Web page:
Indigenous bankers and money lenders have been the important and easy source of working capital in the past. They particularly operated in the villages, provided finance to the small scale industries, and offered prompt, flexible and personalised services to the borrowers. At present, this source is fast disappearing due to the restrictions imposed by the Reserve Bank of India on the activities of indigenous bankers and money lenders.
III. Commercial Banks:
Commercial banks, which are the most active participants in the money market, generally provide short-term credit. Bank credit is perhaps the largest source of credit for business. Bank deposits are mostly used to provide advance to the customers.
IV. Financial Institutions:
Various financial institutions, other than commercial banks, also provide long- term and short-term finance for industrial and trade purposes. These institutions provide loans only after considering the profitability of the proposal and are generally rigid in their terms and conditions.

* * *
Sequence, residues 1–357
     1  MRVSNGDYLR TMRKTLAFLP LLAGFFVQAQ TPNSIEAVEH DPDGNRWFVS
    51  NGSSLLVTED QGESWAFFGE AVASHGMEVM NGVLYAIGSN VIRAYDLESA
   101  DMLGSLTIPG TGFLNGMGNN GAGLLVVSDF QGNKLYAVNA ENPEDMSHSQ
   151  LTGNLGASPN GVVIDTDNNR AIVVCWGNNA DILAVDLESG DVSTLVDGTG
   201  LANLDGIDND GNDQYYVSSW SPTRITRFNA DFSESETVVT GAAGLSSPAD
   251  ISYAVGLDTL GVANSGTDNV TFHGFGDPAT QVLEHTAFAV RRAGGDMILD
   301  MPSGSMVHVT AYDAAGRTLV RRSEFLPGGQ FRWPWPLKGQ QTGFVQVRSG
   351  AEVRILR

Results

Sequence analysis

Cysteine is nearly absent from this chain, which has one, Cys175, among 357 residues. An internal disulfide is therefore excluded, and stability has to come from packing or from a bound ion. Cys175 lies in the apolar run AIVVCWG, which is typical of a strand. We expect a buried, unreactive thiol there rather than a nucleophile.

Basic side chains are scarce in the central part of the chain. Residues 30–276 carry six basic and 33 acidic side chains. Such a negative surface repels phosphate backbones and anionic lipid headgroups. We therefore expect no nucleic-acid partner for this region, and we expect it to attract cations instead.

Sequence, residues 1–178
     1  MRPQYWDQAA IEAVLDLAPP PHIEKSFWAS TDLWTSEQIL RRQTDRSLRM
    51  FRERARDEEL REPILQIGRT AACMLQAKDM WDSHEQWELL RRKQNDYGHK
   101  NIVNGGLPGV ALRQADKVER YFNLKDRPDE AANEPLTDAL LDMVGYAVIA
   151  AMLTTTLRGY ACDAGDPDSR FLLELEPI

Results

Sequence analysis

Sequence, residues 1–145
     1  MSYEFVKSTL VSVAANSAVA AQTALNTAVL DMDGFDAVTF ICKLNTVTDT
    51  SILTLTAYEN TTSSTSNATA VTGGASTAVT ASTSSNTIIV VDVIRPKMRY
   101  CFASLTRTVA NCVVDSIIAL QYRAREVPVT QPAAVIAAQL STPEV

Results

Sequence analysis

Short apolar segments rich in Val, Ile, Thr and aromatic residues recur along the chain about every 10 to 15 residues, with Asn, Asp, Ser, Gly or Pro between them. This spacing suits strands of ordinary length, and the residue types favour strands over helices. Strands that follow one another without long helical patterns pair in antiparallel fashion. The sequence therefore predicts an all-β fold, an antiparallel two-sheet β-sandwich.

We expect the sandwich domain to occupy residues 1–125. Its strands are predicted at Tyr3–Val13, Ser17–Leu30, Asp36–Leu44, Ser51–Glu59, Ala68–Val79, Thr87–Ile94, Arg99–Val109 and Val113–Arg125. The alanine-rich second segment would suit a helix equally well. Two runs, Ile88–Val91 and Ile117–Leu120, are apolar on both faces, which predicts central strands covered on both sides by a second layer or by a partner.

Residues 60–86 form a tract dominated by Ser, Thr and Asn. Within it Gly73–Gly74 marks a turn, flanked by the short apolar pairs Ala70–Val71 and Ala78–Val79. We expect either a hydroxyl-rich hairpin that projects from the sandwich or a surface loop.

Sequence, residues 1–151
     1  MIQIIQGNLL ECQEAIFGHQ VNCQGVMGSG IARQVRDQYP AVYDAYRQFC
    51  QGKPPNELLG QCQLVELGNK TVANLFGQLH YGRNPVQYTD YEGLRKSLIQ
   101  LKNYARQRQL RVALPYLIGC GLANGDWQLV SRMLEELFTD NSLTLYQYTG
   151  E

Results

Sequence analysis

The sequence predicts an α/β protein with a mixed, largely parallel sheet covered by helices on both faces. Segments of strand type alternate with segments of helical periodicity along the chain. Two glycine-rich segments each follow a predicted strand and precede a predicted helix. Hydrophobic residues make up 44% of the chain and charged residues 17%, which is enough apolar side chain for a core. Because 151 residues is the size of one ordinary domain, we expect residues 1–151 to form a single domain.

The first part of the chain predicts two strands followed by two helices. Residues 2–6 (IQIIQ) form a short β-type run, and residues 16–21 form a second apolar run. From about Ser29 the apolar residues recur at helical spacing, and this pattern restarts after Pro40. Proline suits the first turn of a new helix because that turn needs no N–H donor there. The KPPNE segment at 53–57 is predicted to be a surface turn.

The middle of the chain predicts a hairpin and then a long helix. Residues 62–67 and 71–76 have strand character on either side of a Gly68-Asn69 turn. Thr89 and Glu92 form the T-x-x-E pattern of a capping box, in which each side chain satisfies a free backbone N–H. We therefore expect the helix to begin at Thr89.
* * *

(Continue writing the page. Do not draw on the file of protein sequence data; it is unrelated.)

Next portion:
Finance is also made available from the internal sources of the trading business. Such finance is known as trade credit. Trade credit is provided for trading activities, i.e., for buying and selling operations. Selling goods on credit is very common in the business world.
In this case, accounts are opened in the name of the customers in the books of the seller for giving credit. No collateral security is offered for this type of credit. In other words, trade credit is purely based on the confidence created by the character and past records of the buyer in the mind of the seller.
Trade credit is of two types:
1. Mercantile credit, and
2. Retail credit or consumer credit.
1. Mercantile Credit:
The credit provided by the manufacturers or wholesalers to the retailers to purchase goods for resale purposes is known as mercantile credit. Mercantile credit may take the form of- (i) cycle billing or (ii) revolving credit plan.